Skull Base Tumors

Skull base tumors are cancerous or noncancerous growths that occur deep within your head. They are difficult to reach and located near sensitive tissue and blood vessels. But healing is possible when you come to Henry Ford Health.

We deliver world-class care, including treatments that are gentler on your body. Our team’s experience treating pituitary tumors, meningiomas and other conditions gives you the best chances for excellent results.

Skull base tumor care at Henry Ford: Why choose us?

All the tests, treatments, and specialists you need are in one program. Trusted skull base surgeons provide care the reflects the latest science on treating complex tumors. They work alongside other Henry Ford specialists to deliver therapies with the highest level of precision. This approach is not widely available in the Midwest and leads to exceptional outcomes.

Endoscopic skull base surgery

In most cases, skull base tumor treatment includes surgery. At Henry Ford, you have access to the highest level of care. Two surgeons use long thin tubes with instruments at the tip (endoscopes) for the most precise procedures. Find out more about endoscopic skull base surgery.

Here’s how it works:

  • A rhinologist (surgeon specializing in nose and sinus anatomy) accesses the surgical area using endoscopes we slide into your nostrils. This includes making a small hole in the skull base.
  • A neurosurgeon specializing in brain tumors removes the tumor using tiny instruments.

Types of skull base tumors we treat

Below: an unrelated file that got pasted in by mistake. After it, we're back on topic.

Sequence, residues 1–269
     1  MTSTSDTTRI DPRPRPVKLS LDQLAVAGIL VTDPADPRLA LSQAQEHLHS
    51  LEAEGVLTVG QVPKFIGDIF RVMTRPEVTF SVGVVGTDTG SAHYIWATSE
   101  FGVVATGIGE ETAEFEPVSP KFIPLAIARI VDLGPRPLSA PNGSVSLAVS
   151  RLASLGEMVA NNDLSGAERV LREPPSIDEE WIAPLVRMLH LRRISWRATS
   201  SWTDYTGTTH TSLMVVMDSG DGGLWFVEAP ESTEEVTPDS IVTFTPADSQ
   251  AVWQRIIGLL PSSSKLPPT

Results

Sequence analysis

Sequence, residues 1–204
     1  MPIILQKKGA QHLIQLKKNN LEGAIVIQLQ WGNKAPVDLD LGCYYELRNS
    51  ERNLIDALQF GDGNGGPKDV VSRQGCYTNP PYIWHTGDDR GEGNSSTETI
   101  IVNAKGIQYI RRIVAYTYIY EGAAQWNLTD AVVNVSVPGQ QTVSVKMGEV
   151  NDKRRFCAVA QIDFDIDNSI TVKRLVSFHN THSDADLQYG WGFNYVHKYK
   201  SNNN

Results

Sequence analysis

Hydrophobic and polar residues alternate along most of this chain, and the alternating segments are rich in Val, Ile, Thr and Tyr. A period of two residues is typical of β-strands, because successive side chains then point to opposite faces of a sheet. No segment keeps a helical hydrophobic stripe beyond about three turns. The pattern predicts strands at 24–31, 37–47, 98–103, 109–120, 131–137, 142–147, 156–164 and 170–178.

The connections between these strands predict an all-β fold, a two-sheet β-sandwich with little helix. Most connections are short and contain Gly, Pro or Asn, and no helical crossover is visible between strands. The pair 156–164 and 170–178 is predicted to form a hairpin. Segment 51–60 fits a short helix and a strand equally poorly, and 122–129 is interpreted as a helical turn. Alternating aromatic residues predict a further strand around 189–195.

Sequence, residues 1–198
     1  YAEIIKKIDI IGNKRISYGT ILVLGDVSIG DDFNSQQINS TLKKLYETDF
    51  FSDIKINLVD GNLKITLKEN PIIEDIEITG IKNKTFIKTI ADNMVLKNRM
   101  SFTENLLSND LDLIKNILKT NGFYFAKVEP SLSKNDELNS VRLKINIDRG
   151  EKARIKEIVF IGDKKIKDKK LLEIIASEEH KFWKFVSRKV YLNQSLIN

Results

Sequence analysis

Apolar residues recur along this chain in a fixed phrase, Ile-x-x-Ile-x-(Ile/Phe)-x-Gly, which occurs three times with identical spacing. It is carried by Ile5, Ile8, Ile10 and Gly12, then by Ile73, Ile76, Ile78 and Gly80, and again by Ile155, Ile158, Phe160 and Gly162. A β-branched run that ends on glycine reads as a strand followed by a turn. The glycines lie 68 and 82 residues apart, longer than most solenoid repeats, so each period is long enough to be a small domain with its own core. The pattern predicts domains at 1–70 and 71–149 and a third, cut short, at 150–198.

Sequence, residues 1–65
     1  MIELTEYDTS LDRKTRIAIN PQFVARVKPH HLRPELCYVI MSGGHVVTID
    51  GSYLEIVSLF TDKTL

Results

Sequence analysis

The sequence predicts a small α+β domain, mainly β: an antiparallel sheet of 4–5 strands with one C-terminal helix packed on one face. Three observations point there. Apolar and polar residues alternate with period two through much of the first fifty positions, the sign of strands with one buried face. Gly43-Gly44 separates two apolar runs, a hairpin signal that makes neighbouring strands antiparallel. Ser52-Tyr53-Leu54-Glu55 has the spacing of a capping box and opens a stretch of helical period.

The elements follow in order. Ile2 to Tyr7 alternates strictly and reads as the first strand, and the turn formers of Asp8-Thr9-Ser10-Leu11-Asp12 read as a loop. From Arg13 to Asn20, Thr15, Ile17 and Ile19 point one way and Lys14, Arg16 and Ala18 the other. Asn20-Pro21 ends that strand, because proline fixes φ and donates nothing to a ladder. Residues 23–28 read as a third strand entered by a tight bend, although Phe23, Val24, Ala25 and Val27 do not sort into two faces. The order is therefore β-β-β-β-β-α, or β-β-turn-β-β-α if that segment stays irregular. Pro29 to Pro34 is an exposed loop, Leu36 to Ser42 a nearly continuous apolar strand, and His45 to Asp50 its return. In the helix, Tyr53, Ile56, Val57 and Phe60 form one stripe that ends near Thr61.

There are many types of skull base tumors. Some are cancerous and others are not. Our experts treat all of them.

Skull base tumors we treat include:

  • Pituitary tumors develop in a gland that produces hormones regulating critical body functions.
  • Meningiomas are tumors that develop in the brain and spinal cord’s protective tissue.
  • Craniopharyngiomas occur near the base of the brain.
  • Cavernous sinus tumors are complex and develop near the base of the brain, several nerves and important blood vessels.
  • Paranasal sinus cancers form in the hollow spaces behind the nose.
  • Glomus jugulare tumors develops in the skull bones near your temples and can affect the ear and upper neck.
  • Acoustic neuroma (vestibular schwannoma) is a tumor that develops on the nerve of the inner ear.

Skull base tumor symptoms

Small skull base tumors often do not cause symptoms. As they get larger, they may press on nerves or nearby tissue, causing symptoms that may include:

  • Blurred vision or vision loss
  • Headaches
  • Difficulty breathing through your nose
  • Altered sense of smell
  • Hearing loss
  • Balance issues
  • Seizures

Skull base tumor diagnosis

Doctors often detect signs of a skull base tumor during an imaging study for another condition. To confirm the diagnosis, a neurologic exam and additional testing are necessary.

Your care may include:

  • Angiogram, or X-ray of the blood vessels, to help assess blood flow to the tumor or nearby structures.
  • Biopsy involves taking a small tissue sample from the tumor and examining it in a lab. We may use this test if we cannot make a diagnosis using imaging studies.
  • Blood tests may be necessary for pituitary tumors to determine whether they are affecting hormone production.
  • MRI uses a powerful magnet to produce 3D images of the skull base and nearby structures.

Radiation therapy

Skull base tumor treatment may also include radiation therapy. This treatment uses high-energy beams to break up abnormal cells. You may need radiation therapy to lower the likelihood of the tumor coming back. This option is also available for people who cannot have surgery.


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Call us at (313) 916-2241.


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